more » ... that cause, be it necessary to wear the instrument as long as may be. By this means the invaginated skin may be maintained in exact contact with the parietes of the inguinal canal for any period, and, I conceive, without risk or annoyance. I think, moreover, that the action set up by passing the needles would be sufficient, after adhesion takes place, to hold the invagination in position without further interference. I do not think it impossible that this instrument, if worn for a lengthened period, would alone effect a cure, as it might induce that amount of action between the skin and the walls of the canal as to cause them to adhere. I much question the necessity of making the needles penetrate the parts so extensively and so deeply as M. Gerdy directs, in operating with sutures. Mere punctures, five or six in number, might, perhaps, be sufficient to produce the amount of action required, the parts being held in intimate contact by the means described. When adhesion has taken place, the instrument may be dispensed with, and the further directions of M. Gerdy carried out or not, as the case may seem to demand. The instrument I have described is Iam told, easily made, by no means costly, very simple, and very readily applied, and can be regulated at will by the wearer. I do not wish to attach any undue importance to this modification; but I do wish to attach credit and importance to an operation, characterized by so high an aim, and based on principles at once sound, simple, and scientific. Upper Montagu-street, Montagu-square, Jan., 1846. REVIEWS. On Famine and If'eve7·, as Ca2r,se and Efect in Ireland; with Observatious on IIospital Location, and the Dispensation in Out-rloor Relief of Food and Medicine. By D. J. CORRIGAN, M.D. Dublin: Fannin and Co. 1845. pp. 33. THE views here set forth of the relation existing between famine and fever in Ireland were first promulgated by Dr. Corrigan in THE LANCET many years ago. On the present occasion he has recorded the principal phenomena which have presented themselves in the chief epidemic fevers of the sister island in the century commencing with 1728, and ending with 1829. In this period, six of these fearful visitations are included. From the facts it is observable that a constant relation has existed in these epidemics between the supply of food and the existence of fever. In every instance the fever commenced after a single bad harvest, or a succession of them; continued to increase in violence as long as the scarcity of food remained, and as speedily and certainly passed away on the coming of an abundant harvest. In five out of the six epidemics it is distinctly evident that the disease either disappeared altogether, or commenced its decline in the first autumn which brought a plentiful harvest. There can be no mistaking these facts. "Want and fever, want and fever, precede and succeed as cause and effect on every occasion. The epidemic fever of Ireland, produced in the first instance by want, becomes contagious, extends among high and low, affecting all classes, so that rich and poor are alike interested in its prevention, from the lowest motives of self-interest alone, independently of the higher movings of philanthropy. Dr. Corrigan dwells upon the failure of the present potato crop, upon the want now commencing, and so almost certain to increase in severity during the present year; and points to the pestilence so sure to follow in its track, except it be relieved. Sir Robert Peel says, from the data in his possession, it is more than probable that four millions of people will be without food in May, unless energetic measures are adopted in the interim. Dr. Corrigan's facts and reasonings go to combat the opinion of Mr. Chadwick, that fever is caused pre-eminently by defective drainage, locality, atmospheric conditions, and so forth, and tend strongly to prove that want is the prime element in its production. That want being present, fever arises in certain localities, and under certain conditions, with greater frequency than others, he would allow. He also controverts, and we think successfully, a dogma intimately connected with the above, and supported by the Edinburgh Reviewnamely, that fever is more fatal when it exists in the contagious form among the rich and well fed, than among the poor. He asserts, that " the error lies in supposing, that the greater fatality in disease in a certain class necessarily involves a greater frequency of disease. There is not only no connexion whatever between the two, but they even bear an inverse ratio to one another. The poor are the more liable to fever, but recover easily and quickly from it, comparatively. The rich are the less liable, but, when attacked, fever with them seems higher and quicker, and the disease is more severe and more fatal. * * * If twenty rich persons and twenty poor be attacked with fever at the same time, that a greater number of rich than of poor will be carried off, I do not deny, but if an equal number of rich and poor be exposed to the same contagion, that the liability to catch the disease will be as great with the rich as the poor, I do deny." Considerable attention is given to the best mode of distributing relief in food among the poor by means of hospitals, societies, and the new poor-law apparatus. Dr. Corrigan concludes with the following positions, of the establishment of which we think there can be little doubt :-" lst. That famine (including deficient or unwholesome food) is the paramount cause of the epidemic fevers of Ireland. "2ndly. That epidemic fever, originate as it may, soon acquires a contagious power, a power of generating and propagating itself, and thus involving all, rich and poor, in the country, in one common danger; and " 3rdly. As a corollary from these two, that employment and wholesome food will be the best prevention, aided, should the necessity arise, by hospitals to extinguish contagion :' The following passage is also worthy of great attention:-"I cannot conclude without noting a warning circumstance that has had some influence with me, in bringing out these observations at the present time. It has been remarked by all the observers of the epidemic fevers of Ireland, by Rogers, O'Connell, Rutty, Barker, and Cheyne, that small-pox has invariably prevailed, either immediately before, or with each visitation of it. The same connexion between small-pox and the bad fevers which ravaged England in the sixteenth and seventeenth centuries, has been observed by medical writers. Sydenham has gone so far as to say, that from their intimate connexion, he doubts that the plague and small-pox may not be of the same nature, only with different forms of development. It seems as if the human constitution, under whatever influences have acted injuriously on vegetable organization, or have predisposed to epidemic fever, had lost so much of its energy as to render it less able to resist infection. Smallpox has been of late very prevalent in Ireland. * * * This visitation should put us on our guard." This pamphlet is most germane to the present critical posture of affairs, when scarcity of no ordinary kind has commenced, and when the attention of government and the country is given to its relief and removal.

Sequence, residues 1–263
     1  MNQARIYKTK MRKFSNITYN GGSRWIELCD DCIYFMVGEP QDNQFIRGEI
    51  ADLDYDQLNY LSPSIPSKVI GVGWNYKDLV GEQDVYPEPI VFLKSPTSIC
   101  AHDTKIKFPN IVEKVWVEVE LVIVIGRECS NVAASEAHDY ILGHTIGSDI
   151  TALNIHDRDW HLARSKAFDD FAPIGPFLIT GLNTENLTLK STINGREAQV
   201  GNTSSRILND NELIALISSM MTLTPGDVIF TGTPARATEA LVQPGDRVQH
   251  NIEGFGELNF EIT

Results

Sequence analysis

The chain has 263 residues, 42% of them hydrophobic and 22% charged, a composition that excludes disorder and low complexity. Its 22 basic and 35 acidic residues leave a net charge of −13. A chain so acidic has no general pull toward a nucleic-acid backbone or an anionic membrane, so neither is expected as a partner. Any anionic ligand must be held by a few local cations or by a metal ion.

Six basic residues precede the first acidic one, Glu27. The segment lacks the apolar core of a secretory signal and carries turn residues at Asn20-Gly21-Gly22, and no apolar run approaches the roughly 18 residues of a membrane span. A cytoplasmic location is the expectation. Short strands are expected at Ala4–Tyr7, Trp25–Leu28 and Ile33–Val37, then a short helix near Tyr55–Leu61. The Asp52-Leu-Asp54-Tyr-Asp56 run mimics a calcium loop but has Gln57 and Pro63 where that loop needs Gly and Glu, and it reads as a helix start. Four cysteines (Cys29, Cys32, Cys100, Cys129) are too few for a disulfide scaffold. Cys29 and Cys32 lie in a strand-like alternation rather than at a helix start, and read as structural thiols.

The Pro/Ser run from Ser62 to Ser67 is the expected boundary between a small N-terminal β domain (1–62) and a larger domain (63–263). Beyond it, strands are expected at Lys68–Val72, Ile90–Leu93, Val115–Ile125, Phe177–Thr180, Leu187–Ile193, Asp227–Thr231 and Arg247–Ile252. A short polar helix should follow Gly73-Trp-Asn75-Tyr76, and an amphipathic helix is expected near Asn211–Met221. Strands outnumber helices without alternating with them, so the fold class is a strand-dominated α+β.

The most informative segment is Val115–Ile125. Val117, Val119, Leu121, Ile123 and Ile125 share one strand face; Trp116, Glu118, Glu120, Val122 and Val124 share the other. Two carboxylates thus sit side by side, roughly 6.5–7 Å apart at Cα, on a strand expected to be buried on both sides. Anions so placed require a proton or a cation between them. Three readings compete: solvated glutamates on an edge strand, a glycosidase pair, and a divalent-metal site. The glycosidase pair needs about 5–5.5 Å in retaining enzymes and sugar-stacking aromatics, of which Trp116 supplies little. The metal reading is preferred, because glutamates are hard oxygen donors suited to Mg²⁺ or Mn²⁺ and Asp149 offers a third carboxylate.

doi:10.1016/s0140-6736(02)89747-1 fatcat:qmiq2xnvpveqtfnjudya3r3nle